The goals of a vendor risk management program vary based on a company’s:
The general need for VRM security is growing. After all, data transgresses multiple international and technical boundaries. With every publicized breach, changing security and privacy regulations, ongoing remote workforce, and continuously expanding tech stack – an organization’s exposure is increasing rapidly.
Trust is paramount in business and organizations must take steps in order to become worthy of trust. An essential step in building trust is Security Compliance, in which an organization meets various standards to protect the organization's data, whether federal, state, industry, or practice-focused. When focused on IT or enterprise-level controls, Security Compliance assures that an organization can protect its data and trust that the controls address regulatory requirements, such as HIPAA for healthcare or SOC2 for the US market, or GDPR for the European market.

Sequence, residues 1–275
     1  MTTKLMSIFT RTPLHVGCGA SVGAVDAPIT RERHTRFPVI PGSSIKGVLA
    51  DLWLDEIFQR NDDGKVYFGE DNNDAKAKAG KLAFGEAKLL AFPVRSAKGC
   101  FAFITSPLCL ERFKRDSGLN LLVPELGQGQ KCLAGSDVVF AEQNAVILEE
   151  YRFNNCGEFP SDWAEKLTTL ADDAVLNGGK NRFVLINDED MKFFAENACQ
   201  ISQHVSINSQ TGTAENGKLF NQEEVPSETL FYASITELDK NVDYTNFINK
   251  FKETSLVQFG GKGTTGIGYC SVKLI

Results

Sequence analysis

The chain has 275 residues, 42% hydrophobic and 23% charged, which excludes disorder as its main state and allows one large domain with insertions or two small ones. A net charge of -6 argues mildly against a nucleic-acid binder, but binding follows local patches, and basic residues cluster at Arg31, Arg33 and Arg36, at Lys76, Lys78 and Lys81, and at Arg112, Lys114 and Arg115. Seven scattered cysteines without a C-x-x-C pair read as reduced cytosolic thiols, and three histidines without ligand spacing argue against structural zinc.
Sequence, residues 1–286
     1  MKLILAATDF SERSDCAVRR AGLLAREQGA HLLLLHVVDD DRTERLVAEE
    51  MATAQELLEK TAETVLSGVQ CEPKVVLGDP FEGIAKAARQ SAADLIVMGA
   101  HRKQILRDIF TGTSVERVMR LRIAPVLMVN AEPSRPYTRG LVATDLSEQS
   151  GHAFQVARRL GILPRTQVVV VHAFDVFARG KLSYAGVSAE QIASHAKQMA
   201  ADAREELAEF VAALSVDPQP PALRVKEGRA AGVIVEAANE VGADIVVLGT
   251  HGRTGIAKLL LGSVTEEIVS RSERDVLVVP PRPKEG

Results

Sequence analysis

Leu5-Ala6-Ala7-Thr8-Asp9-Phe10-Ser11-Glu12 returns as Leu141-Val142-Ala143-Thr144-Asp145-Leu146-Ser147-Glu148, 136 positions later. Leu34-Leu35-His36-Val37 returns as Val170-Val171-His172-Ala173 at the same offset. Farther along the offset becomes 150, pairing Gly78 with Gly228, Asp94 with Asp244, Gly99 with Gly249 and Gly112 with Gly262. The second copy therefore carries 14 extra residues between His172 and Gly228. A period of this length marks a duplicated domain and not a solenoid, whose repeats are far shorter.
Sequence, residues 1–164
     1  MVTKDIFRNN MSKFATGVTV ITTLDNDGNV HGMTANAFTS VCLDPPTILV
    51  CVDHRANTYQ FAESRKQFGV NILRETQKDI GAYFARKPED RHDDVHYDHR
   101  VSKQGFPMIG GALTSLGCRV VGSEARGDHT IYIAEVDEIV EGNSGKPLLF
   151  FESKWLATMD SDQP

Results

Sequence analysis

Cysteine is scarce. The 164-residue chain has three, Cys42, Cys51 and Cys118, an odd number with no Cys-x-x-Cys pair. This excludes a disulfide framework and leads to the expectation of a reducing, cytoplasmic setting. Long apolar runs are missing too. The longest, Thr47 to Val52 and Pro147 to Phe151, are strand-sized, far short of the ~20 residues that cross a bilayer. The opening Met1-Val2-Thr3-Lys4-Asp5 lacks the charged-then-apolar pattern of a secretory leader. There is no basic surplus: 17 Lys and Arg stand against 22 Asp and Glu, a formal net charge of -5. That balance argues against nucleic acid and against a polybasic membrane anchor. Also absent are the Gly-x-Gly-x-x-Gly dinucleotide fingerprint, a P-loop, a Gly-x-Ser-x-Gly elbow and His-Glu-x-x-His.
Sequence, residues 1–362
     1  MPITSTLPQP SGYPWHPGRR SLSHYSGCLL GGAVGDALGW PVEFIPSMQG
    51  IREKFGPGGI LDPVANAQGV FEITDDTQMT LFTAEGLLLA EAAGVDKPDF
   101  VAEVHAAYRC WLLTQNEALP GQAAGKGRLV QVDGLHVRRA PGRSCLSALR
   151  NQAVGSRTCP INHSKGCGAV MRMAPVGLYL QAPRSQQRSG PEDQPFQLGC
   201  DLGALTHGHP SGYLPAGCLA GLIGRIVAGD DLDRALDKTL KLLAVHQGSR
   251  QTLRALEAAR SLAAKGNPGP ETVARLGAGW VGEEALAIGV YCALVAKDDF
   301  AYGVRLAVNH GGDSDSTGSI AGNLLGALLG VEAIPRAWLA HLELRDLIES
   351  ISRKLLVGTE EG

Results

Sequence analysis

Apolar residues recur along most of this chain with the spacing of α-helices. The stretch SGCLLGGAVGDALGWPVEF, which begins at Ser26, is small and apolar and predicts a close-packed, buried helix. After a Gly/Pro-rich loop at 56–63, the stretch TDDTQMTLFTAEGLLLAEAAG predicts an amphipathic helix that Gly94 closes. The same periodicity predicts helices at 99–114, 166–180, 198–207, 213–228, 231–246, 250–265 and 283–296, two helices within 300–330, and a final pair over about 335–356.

Trust building for vendor risk management and Compliance often overlap. For example, an organization usually needs to demonstrate Security Compliance for a specific purpose, i.e., to do business in a new market, meet strict privacy laws, or show greater trust with a targeted customer. Oftentimes, being compliant with specific frameworks requires the organization to perform vendor risk management as part of its protocols. Once this trust is established, organizations must take the next step and proactively demonstrate that worthiness to others. Meeting specific frameworks or implementing a VRM program indicates to others that your organization has done its homework and it is then important to communicate this. It’s a forward-facing step that shows that we’ve assessed our own house and supply chain as trustworthy, and now the outside world can trust us too.